Dec 2006 Contents
Institute for International Research (IIR) and the UPA Connection: The Market Research Event 2006
By Thyra Rauch
Thyra Rauch is the current UPA President.
I had the honor of chairing the usability track at The Market Research Event 2006 in Los Angeles, California. For several years, IIR (Institute for International Research), the organizer of this conference, and UPA have been engaged in developing synergy between market researchers and usability professionals. IIR provides UPA members a discount to attend this conference, and UPA assists IIR in providing speakers from the usability profession. I find this to be a most welcome collaboration, particularly as one of UPA’s objectives is outreach to other related disciplines and organizations.
This year, there was more interest than ever in the usability and user research area. Sessions offered in the usability track highlighted the collaboration between the two disciplines. The Market Research Event sessions talk about ethnography and field research, globalization and multicultural research, and customer experience, satisfaction, and engagement.
In spending time at the conference I was struck by how much the two areas can benefit each other. Market researchers tend to focus at a slightly higher level: the market segment, whereas usability professionals look at the individual users, trying to understand their needs and goals. However, the tools used by each group have the potential to benefit the other. For example, one of the presentations this year discussed using “expectations” as a measure for usability: what was the expectation prior to using the product, and, after use, was that expectation met?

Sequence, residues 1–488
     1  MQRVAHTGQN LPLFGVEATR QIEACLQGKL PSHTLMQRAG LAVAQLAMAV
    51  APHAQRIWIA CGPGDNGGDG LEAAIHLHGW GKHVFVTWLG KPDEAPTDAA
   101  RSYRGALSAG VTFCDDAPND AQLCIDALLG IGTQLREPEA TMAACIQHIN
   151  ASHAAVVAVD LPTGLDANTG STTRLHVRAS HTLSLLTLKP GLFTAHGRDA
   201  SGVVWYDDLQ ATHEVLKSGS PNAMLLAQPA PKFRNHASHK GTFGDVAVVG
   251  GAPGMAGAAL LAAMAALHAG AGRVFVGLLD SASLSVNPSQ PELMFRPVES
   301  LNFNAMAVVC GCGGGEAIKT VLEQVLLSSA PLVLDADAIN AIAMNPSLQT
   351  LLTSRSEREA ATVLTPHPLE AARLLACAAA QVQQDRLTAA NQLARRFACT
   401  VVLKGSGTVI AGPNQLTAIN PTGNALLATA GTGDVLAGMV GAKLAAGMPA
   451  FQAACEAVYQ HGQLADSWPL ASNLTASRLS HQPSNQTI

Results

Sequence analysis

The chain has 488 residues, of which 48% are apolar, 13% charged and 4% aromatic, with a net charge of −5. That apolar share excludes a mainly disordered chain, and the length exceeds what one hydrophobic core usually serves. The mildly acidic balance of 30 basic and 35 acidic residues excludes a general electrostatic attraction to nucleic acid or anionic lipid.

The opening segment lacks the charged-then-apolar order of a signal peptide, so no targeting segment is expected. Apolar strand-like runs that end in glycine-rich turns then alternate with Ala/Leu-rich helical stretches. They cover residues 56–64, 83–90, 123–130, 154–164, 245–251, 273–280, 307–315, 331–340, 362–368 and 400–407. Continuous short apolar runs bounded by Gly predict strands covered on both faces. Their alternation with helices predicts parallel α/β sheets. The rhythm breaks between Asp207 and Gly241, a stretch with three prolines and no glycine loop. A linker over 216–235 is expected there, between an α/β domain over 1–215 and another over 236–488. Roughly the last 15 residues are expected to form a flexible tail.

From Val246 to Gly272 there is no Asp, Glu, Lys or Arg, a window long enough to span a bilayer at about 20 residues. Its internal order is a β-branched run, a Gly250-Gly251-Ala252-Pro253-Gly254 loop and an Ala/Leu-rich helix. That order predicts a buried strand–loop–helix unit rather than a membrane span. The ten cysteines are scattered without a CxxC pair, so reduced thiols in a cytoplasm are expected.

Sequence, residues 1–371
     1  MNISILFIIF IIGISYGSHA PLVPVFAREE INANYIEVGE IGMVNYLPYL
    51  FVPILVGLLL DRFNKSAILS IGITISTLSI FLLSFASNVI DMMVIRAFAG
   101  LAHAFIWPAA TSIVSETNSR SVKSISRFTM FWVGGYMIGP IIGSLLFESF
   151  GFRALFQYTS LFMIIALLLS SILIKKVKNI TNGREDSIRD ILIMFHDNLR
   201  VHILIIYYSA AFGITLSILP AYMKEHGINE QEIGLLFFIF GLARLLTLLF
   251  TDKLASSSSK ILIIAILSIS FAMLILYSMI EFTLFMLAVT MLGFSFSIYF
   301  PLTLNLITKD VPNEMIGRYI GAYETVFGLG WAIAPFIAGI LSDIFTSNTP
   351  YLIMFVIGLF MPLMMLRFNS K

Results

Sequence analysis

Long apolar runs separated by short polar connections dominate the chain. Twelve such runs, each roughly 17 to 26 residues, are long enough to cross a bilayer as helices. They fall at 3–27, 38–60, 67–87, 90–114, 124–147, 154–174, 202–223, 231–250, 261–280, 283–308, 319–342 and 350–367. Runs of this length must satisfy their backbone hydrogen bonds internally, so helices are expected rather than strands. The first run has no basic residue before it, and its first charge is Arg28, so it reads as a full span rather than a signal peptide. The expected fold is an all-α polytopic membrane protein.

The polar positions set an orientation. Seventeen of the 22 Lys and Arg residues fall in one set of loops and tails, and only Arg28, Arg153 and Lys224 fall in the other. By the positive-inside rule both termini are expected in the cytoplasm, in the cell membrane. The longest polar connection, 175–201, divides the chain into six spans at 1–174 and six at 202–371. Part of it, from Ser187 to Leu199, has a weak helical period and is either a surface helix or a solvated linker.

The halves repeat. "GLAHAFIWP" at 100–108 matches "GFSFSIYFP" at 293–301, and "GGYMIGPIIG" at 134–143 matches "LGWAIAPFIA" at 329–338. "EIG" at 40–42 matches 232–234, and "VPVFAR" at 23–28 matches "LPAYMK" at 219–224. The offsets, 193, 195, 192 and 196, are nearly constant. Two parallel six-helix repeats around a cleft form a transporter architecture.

This year’s UPA conference had the theme of storytelling, which we felt to be a powerful tool in product design and user research. Similarly, one of the most powerful presentations at the Market Research Event this year used a story of how an event in a hospital provoked a revolutionary product redesign based much more on a vision for the user’s experience than on the features or performance of the system. I was impressed by many of the stories told in the usability track where this kind of collaboration produced better products.
I noticed several UPA members attended the Market Research Event this year, and several presenters listed membership in UPA in their biographies. Many attendees talked up World Usability Day, suggesting that the word has gotten out about that event.
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